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FTA: Towards a lucrative regional market
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September 01, 2008

Six years of obstacle-ridden negotiations between India and the 10-member Association of South-East Asian Nations have finally culminated in giving shape to a Free Trade Agreement that the trade ministers of all these countries are comfortable with. The deal is to be formally inked in December, during the India-Asean summit in Bangkok, which is expected to be attended by Prime Minister Manmohan Singh.

Though some segments of Indian industry as well as farmers, especially plantation owners, are wary about what the FTA might mean in terms of imported competition, the government is confident that the overall benefits will outweigh any possible negative impact in some sectors. There is good reason for this optimism, even if the worries are not wholly unfounded.

The FTA will provide Indian trade and industry with access to a large and vibrant market in a region that is increasingly prosperous. This market is bound to expand further as the Asean trading bloc is already in talks with countries like China, Japan, South Korea, Australia and New Zealand for free or preferential trade pacts. Should some of these materialise, they would pave the way for the eventual creation of a huge European Union-style common market, to the benefit of all.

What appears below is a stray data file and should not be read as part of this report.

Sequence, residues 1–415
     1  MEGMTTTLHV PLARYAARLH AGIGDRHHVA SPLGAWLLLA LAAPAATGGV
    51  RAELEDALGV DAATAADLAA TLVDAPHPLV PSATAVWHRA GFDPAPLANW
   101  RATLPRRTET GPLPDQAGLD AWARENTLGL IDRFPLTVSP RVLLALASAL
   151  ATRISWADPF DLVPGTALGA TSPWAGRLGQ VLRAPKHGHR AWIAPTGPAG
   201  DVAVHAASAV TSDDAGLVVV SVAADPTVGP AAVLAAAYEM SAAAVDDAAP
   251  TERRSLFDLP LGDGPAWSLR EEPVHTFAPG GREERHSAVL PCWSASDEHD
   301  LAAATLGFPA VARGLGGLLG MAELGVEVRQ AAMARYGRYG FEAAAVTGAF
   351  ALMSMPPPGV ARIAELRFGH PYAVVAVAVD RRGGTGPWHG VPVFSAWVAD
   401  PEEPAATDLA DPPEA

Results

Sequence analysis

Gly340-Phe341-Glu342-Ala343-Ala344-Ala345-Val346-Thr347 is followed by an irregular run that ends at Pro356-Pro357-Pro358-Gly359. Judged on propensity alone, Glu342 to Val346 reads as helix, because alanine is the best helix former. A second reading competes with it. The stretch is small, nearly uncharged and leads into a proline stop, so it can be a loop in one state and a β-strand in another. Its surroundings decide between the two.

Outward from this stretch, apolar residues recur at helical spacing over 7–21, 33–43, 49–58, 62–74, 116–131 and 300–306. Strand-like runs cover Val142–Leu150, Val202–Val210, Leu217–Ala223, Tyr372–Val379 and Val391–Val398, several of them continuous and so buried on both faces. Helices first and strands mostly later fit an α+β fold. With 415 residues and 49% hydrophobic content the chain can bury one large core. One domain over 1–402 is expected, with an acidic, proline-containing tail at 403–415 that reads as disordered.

The FTA needs to be viewed also against the backdrop of the breakdown in the Doha round of multilateral trade talks. For India, this FTA is a part of its look-East policy as well. The scope of the agreement is likely to widen in the future as Asean has agreed to begin negotiating on trade in services and on investment flows.

The FTA will result in import tariffs on some 80 per cent of the goods traded between the signatory nations being reduced to nil in a phased manner. This would benefit, in particular, sectors like steel, some types of auto components and engineering goods. This is a net gain for India.

At the same time, there is little doubt that India has conceded some ground to accommodate the specific demands of countries like Vietnam, Indonesia and Malaysia. But this is not a one-way street; the Asean members have also relented from their earlier stand on India's long negative list of goods that are to be free from any mandatory tariff cuts. As a result, the agreement permits India to have a negative list of 489 items (including products from agriculture, machinery, automobiles, chemicals, plastics and the like) and, in addition, an even longer list of 606 sensitive goods identified for only partial duty reductions.

The main worry from the Indian viewpoint is with regard to items like tea, coffee, pepper and spices where tariffs will have to be reduced, albeit only partially, from the almost 100 per cent today, but gradually over the next 10 years. In most other sensitive items, including palm oil, the reduction is to be in only what are called the bound rates, which are much higher than the actual tariffs that are applied.

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